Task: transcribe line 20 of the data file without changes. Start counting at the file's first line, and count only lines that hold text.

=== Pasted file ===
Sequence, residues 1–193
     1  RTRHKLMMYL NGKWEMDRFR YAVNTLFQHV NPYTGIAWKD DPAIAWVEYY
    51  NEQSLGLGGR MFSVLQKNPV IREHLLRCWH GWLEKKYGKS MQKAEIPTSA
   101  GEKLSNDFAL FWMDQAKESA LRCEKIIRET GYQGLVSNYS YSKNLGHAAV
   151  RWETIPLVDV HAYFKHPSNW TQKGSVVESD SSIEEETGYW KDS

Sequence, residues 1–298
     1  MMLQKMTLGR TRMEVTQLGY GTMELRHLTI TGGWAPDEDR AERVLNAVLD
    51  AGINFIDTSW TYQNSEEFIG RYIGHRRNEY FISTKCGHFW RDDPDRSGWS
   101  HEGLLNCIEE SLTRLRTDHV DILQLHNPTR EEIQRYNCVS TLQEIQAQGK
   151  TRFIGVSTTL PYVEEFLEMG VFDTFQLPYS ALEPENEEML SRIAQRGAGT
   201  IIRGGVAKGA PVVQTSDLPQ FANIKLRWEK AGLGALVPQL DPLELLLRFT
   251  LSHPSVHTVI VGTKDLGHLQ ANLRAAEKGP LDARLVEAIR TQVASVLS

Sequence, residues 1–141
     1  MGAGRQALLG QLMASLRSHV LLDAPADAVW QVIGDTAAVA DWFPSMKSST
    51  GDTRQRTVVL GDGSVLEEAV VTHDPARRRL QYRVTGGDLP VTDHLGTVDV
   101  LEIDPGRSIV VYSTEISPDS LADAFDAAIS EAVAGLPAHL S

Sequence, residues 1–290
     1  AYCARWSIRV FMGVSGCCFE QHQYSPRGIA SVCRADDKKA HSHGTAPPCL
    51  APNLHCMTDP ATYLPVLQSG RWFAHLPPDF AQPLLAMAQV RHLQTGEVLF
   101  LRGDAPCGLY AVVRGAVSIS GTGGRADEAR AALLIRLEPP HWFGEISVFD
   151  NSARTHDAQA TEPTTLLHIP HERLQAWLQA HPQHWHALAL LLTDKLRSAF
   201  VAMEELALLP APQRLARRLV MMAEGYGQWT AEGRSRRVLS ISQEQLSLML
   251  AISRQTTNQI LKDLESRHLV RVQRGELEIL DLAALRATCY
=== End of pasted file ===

   101  LRGDAPCGLY AVVRGAVSIS GTGGRADEAR AALLIRLEPP HWFGEISVFD